The US Securities and Exchange Commission (SEC) on Thursday accused a crypto startup Crowd Machine and its Australian founder Craig Sproule of defrauding investors.
Per the SEC lawsuit, the company had raised millions from investors, in 2018, through a “fraudulent and unregistered” initial coin offering (ICO).
Furthermore, Sproule has been charged for allegedly diverting more than $5.8 million from ICO proceeds to South African gold mining entities. He had previously promised investors that the funds will be utilized in developing new technology for Crowd Machine’s subsidiary firm Metavine Inc.
“As alleged, Sproule and Crowd Machine misled investors about how they were using ICO proceeds, spending funds on an entirely unrelated scheme,” said Kristina Littman, Chief of the SEC Enforcement Division’s Cyber Unit.
The Aussie man, who self-proclaims himself on social media as the “Man Behind the Machine,” claimed to have collectively raised the equivalent of $40.7 million through the sale of “unregistered” Crowd Machine Compute Tokens (CMCT).
Notably, the actual proceeds raised from CMCT sales seemed to be lesser than what Sproule claimed to have raised. The Crowd Machine Group had actually collected the equivalent of $33.5 million, based on the market values of Bitcoin and Ethereum at the time of ICO, the complaint added.
More ICO Frauds Caught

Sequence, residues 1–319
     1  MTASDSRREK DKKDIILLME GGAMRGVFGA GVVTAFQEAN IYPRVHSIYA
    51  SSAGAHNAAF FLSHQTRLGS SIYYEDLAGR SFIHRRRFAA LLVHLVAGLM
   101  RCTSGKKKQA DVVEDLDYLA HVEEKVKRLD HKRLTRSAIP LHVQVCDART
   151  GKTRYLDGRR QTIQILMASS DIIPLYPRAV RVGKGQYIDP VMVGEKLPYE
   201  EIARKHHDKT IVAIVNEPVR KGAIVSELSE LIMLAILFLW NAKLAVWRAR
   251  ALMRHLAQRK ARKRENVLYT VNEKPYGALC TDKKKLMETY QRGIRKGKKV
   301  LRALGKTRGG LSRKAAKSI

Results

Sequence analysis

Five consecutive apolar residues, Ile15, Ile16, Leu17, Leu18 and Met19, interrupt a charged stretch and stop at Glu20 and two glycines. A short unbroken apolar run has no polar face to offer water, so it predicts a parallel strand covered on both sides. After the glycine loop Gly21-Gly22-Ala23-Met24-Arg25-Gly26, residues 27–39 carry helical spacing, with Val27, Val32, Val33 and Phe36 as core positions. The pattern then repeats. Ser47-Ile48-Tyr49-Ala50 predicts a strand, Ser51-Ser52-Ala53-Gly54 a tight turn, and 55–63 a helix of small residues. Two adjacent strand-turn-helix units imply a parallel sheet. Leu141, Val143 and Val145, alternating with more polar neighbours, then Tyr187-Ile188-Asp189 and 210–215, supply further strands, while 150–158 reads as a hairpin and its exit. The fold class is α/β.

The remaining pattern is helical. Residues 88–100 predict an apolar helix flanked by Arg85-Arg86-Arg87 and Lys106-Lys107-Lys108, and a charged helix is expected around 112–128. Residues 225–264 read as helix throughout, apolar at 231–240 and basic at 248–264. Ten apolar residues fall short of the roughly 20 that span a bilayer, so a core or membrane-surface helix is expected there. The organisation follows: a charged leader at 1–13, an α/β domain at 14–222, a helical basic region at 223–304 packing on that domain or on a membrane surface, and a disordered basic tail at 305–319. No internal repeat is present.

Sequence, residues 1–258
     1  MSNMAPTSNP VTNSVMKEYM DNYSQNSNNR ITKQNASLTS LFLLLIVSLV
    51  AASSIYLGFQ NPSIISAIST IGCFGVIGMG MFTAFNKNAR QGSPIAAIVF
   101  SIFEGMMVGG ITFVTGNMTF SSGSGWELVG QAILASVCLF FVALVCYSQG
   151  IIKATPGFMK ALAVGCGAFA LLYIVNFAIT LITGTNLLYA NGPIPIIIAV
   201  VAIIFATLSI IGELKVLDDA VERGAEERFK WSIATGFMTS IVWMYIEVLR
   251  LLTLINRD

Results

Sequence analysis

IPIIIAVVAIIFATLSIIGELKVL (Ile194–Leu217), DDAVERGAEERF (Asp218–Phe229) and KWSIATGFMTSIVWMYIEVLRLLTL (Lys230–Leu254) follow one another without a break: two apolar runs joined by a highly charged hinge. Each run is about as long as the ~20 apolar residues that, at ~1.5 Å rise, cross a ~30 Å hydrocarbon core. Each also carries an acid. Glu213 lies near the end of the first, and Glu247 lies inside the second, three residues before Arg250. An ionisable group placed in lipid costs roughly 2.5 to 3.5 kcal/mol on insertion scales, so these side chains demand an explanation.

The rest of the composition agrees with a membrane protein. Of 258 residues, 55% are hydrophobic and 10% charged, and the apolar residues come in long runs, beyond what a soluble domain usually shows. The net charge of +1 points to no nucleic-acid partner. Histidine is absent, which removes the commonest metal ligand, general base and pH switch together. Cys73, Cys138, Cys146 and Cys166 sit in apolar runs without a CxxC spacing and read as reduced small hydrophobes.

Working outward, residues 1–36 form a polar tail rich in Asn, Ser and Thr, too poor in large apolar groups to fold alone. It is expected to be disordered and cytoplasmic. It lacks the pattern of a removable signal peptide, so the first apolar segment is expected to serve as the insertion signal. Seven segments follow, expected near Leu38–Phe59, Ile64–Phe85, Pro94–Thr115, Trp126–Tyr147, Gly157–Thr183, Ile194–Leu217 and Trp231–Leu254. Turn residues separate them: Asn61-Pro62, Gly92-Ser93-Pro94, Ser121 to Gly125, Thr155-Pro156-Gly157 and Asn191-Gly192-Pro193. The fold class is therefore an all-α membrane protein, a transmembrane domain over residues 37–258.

Scams and fraud in ICOs is one of the greatest challenges and threats to the crypto and DLT community. Ex-SEC chair Jay Clayton had previously expressed his disbelief at the levels of fraud being committed in the ICO market.
The SEC has also been vigilant over a number of fraudulent securities offerings. The watchdog, for instance, filed a similar complaint last year against Loci Inc. and its CEO John Wise for making materially false and misleading statements related to an unregistered ICO.
In this Crowd Machine’s ICO case filed in the United States District Court for the Northern District of California, Sproule has been ordered to pay a $195,047 civil penalty. The court will determine any disgorgement, prejudgment interest, and civil penalties in the future.
The SEC states that none of the $5.8 million has been recovered, nor the South African gold miners have returned revenue.
Scammers reportedly stole $14 billion worth cryptocurrencies in 2021, nearly twice the $7.8 billion recorded in 2020.
According to a “Crypto Crime Trends 2022” report by crypto company Chainalysis, more than $2.8 billion came from scams that appear to be legitimate crypto projects, before extracting investors’ money and disappearing.
ICOs are being looked upon with skepticism by investors and regulators alike. 80% of ICO’s are now considered to have been scams according to a study by Statis Group.